The Definitive Guide to Undergraduate Recruiting

Author’s note: This post is taken directly from our free eBook: The Definitive Guide to Undergraduate Recruiting

Know what students want

Today’s student body is diverse and complex.  But even while you develop a clearer picture of your school’s particular niche, you should know the undergrad population as a whole shares many similarities.  When looking at incoming freshmen, what they want is—more often than not—to improve their employability. A study by UCLA found that 87.9% of surveyed entering students at four-year schools said “being able to get a better job” as a very important reason for going to college.

And, affordability is also top-of-mind—66% of students surveyed said the current economy affected the school they ultimately chose.ii Then, there are expectations about timing. An overwhelming 83.4% of students expected to graduate in four years—but actual four-year graduation rates from colleges surveyed showed it was likely that only 40.6% would do so. ii Finally, more incoming students said they frequently felt overwhelmed during their senior year of high school (up to 30.4% from 28.5%), highlighting the need for solid campus-based health and wellness resources and support.


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Speak directly to their needs

In other words, create customized messaging that speaks to the heart of what your audience is looking for – including the concerns we just mentioned. That means implicitly laying out exactly how your school—and its programs—meet these needs. Today’s students are looking for a practical ROI, or return on investment. They want details on the internships, job placements opportunities, corporate partnerships, and instruction from industry experts that will help them get a job once they graduate. And, remember that your tone and language needs to resonate with your audience. Make it short, snappy, and to the point.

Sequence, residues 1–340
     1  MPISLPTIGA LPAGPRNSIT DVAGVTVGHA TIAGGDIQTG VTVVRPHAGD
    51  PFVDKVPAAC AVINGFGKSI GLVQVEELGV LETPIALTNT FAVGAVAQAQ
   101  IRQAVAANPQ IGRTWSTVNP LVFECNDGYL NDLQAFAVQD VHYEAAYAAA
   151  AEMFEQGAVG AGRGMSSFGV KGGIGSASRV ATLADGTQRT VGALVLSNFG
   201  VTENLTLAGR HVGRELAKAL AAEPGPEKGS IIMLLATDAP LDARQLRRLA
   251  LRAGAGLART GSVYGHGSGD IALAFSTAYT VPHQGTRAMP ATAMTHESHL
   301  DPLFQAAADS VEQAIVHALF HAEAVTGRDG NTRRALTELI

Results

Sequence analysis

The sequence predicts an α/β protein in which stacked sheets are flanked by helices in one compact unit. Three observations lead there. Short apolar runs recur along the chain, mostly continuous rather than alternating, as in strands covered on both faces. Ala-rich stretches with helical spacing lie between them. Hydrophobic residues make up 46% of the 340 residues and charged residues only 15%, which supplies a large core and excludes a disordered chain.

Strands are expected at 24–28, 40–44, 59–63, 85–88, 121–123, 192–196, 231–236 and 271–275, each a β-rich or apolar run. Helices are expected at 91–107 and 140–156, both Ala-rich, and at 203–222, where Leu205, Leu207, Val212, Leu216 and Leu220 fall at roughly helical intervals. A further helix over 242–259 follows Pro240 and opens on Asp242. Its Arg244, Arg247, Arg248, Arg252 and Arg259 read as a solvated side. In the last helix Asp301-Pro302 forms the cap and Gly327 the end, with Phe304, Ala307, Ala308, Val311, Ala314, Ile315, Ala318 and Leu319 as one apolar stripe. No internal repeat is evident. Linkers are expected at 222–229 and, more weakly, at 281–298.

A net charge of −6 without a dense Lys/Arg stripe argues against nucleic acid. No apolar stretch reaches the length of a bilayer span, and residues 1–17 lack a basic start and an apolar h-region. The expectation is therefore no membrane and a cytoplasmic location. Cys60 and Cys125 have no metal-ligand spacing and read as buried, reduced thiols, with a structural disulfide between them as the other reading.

Now that you’ve identified who your ideal students are, what they want, and what they need, here are 8 tactics to ramp up your recruiting efforts and really engage prospective students.


1. Optimize your web presence

41% of online students look to a school’s website for their primary source of detailed program information, according to the 2016 Online Students Report —followed by Google and Bing.ii The point being, your online presence is important! Here’s what you should be doing to make the most of it, according to a recent study on higher education recruiting by Hanover Research:

  • Ensure your website design is responsive, engaging, and accessible on multiple platforms.
  • Develop a search engine optimization strategy so your school can rank higher on search listings (particularly with Google).
  • Use web analytics software to make sure that you’re reaching your target audience and gathering more data on who they are.
  • List your school on higher education directories such as or With millions of prospective students visiting these websites each year, it’s a simple way to bring new prospects into your enrollment funnel.

The Definitive Guide to Undergraduate Recruiting

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Anthony Levato

Anthony Levato

I'm the Director of Marketing at EducationDynamics. I enjoy taking classes online, reading and writing about marketing, and riding my bicycle in New York City. You may contact me directly at

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